Straczynski’s book is huge and sprawling and yet focused and insular at the same time. I just reviewed issue ten, and I put most of my thoughts for the series as a whole into that review, so you can just go read that to see just why I love this book as much as I do.

2. The Incredible Hercules

So this is certainly the little book that could. Remember the cynicism and incredulity that came with the announcement that Hercules was replacing Hulk in this title? The assumptions that Hercules can’t sustain an ongoing and it would be cancelled in three months or revert back to a Hulk book faster than the blink of an eye. But it persists. And the reason it persists (other than getting the sales bump from tying into Secret Invasion and launching in the aftermath of World War Hulk) is that it’s REALLY DAMNED GOOD. This is the type of book that could legitimately hold on to the readers it gains from the event bumps because it’s so charming and well written and FUNNY and light and breezy goodness. Hercules and Amadeus Cho working your standard odd couple angle may not sound like the stuff of kings, but it is.

1. Nova/Guardians of the Galaxy

Is it a cheat? Probably. Don’t care. You know the implicit trust everyone has in Geoff Johns and all of his books? That’s how I feel about Abnett and Lanning. These guys have been working with Marvel cosmic since its grand rebirth during Annihilation (they wrote the Nova lead in mini) and through the Nova ongoing, Conquest and Guardians of the Galaxy, they have steered the ship of the new look Marvel cosmic. And it’s awesome. And they’re obviously doing well enough that they’ve been rewarded with exclusive contracts and the next World War Hulk sized event with War of Kings. My favorite writers taking on Black Bolt and the Inhumans? And possibly finding a way to make Vulcan interesting? Awesome. But let’s leave that on the side for now. Since I started collecting monthlies, I have not gotten more enjoyment out of any single series than Nova. And Guardians of the Galaxy is certainly no slouch either. So I’m combining number one to basically cover the DnAverse.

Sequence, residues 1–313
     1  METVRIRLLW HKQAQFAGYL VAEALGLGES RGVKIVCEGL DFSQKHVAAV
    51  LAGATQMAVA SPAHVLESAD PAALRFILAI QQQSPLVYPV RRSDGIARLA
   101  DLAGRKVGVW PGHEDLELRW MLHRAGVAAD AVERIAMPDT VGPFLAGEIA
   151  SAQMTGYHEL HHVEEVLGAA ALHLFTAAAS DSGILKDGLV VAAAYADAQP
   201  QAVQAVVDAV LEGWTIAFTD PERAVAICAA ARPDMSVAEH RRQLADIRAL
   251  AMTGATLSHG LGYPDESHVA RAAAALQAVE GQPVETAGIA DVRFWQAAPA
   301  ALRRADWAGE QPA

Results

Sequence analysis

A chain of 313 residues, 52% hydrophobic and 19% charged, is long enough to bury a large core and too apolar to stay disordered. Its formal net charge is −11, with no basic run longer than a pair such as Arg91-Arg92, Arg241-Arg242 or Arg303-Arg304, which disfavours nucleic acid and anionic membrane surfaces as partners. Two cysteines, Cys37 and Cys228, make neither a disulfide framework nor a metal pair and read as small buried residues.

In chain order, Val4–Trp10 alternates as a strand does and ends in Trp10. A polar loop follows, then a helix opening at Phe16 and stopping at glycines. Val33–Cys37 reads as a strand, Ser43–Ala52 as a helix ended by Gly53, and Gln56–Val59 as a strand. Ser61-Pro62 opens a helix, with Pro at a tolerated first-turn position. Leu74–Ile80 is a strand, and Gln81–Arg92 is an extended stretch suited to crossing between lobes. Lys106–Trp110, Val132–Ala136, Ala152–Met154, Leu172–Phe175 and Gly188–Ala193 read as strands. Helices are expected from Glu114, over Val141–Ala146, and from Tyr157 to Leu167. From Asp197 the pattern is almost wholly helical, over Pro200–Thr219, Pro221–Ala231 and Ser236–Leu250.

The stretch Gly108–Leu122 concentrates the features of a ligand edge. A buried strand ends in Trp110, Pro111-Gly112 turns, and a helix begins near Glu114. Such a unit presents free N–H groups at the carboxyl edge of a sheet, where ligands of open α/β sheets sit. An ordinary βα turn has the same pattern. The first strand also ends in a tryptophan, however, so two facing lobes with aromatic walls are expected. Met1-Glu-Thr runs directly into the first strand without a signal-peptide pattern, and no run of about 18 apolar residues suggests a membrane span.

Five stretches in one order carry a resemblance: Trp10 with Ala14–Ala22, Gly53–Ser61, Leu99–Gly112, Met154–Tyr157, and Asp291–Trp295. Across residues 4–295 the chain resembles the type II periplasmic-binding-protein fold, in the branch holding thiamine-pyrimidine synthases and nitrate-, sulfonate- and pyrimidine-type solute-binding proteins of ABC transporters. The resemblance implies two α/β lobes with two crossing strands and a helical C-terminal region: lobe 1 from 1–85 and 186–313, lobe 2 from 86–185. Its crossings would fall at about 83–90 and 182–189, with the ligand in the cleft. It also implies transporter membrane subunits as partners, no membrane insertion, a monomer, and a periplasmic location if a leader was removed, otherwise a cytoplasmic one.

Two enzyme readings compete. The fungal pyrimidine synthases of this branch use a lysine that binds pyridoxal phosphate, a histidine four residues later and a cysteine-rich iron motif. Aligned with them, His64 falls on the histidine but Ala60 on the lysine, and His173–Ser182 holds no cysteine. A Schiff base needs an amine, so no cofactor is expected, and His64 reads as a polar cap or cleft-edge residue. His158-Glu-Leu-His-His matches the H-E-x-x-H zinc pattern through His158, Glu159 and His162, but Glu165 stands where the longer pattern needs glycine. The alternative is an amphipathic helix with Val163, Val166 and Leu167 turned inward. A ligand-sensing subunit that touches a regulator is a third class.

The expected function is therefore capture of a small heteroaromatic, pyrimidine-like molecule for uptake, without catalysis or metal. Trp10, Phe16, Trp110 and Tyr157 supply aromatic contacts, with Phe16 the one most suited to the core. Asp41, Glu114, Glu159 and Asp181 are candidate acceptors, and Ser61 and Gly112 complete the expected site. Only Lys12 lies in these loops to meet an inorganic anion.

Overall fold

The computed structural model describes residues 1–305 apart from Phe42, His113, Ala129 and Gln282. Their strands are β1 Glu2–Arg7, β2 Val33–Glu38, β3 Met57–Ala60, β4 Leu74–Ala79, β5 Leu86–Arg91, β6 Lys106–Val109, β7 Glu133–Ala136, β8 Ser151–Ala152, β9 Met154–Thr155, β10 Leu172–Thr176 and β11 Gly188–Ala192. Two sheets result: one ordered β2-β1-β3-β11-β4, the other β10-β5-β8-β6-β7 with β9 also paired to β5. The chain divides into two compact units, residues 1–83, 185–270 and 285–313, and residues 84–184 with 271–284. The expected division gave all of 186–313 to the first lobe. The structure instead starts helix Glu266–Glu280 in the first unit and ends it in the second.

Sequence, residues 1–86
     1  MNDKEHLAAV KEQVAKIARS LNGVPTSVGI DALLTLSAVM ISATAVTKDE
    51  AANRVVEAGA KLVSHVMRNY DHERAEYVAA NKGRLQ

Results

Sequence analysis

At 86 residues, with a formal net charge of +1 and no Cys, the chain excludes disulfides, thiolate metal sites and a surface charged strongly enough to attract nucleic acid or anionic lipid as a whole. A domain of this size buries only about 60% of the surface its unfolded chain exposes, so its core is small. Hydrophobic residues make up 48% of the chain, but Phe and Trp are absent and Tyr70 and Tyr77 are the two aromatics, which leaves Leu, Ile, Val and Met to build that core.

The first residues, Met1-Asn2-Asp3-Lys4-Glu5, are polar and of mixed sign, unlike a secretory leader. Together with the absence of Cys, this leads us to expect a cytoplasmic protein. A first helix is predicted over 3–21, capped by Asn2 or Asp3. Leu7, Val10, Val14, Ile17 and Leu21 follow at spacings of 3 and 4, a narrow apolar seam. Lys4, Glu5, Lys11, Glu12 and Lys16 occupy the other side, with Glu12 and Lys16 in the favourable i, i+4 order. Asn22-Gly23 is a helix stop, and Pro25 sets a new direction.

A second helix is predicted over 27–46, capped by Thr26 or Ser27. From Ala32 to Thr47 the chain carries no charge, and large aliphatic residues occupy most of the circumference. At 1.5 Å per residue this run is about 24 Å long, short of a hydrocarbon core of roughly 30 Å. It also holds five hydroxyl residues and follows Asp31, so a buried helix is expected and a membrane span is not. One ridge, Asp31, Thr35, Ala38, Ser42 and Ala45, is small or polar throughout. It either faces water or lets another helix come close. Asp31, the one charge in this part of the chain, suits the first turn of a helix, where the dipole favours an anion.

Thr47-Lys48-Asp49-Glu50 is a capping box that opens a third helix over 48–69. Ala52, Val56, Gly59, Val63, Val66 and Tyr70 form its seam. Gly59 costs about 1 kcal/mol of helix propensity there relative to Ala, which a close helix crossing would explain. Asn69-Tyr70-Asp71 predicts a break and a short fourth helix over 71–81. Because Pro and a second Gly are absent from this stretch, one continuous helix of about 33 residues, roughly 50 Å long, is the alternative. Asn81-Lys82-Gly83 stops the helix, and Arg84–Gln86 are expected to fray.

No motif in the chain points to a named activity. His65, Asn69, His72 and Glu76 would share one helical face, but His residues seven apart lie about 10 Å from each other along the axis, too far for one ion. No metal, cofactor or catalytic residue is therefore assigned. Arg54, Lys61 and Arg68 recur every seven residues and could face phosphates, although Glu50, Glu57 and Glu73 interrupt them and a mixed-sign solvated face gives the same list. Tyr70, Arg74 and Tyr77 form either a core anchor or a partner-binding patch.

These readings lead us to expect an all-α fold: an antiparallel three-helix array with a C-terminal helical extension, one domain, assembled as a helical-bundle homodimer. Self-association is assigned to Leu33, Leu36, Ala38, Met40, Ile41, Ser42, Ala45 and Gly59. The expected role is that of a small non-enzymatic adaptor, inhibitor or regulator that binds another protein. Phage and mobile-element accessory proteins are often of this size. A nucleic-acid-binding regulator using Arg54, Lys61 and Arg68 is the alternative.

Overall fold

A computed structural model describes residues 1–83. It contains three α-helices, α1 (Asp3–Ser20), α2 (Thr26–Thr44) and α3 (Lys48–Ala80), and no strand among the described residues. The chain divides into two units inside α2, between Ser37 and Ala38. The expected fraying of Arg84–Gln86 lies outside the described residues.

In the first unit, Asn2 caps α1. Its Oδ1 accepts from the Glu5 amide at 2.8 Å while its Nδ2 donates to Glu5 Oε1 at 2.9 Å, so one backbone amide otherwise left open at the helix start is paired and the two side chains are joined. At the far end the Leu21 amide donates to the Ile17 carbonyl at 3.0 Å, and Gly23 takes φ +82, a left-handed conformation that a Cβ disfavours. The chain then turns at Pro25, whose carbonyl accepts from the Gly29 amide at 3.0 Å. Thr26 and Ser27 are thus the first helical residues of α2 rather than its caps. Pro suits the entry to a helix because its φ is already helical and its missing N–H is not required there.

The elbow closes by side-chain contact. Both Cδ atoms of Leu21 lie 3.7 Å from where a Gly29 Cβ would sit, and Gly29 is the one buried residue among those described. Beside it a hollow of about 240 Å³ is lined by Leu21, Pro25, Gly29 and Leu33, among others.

Laziness Breeds a LIGHTNING ROUND!

July 30, 2008

But first…

Sky Doll #3 (****)

It’s not a full review, but I am not resizing a cover that is that gorgeous.

So we’ve reached the end of the first Marvel/Soleil reprint mini series. You know, I’m still not sure why I ordered the series in the first place. Maybe it was a light month, maybe it was the cover, but I’m glad I did (and my worries were allayed when I finally got the Soleil sampler and really dug the style and what they were showing in the preview). I think I do need to go back and reread this thing at some point. CB Cebulski adapted this from the original script written by Barbucci and Canepa, and as with all translations, it’s not perfect and can get a little clunky at times. It doesn’t help Mr. Cebulski’s task that this is a seriously complex story about religion, sexual politics, regular politics class stratification and censorship. It’s pretty heady stuff. I think Cebulski does more than an adequate job of translating despite a couple of moments here or there where the dialogue or word choice might read a little off or hollow. It certainly doesn’t ruin the story, but I think this issue is a bit harder to read than the first two, which makes sense considering how everything comes to a head. The art is still undeniably fantastic and expressive and imaginative in every way possible. This thing is worth a read simply for the art’s sake, but I’ve been pleasantly surprised by the quality of the story behind it. Not going into plot details because it’s going to be completely indecipherable for anyone that didn’t read the first two issues, but it all comes together in a very interesting and unexpected way. Some questions are raised and answered in cryptic ways, and the tension and mystery surrounding some of the set pieces is very engaging. I highly recommend that folks pick this up in the trade format.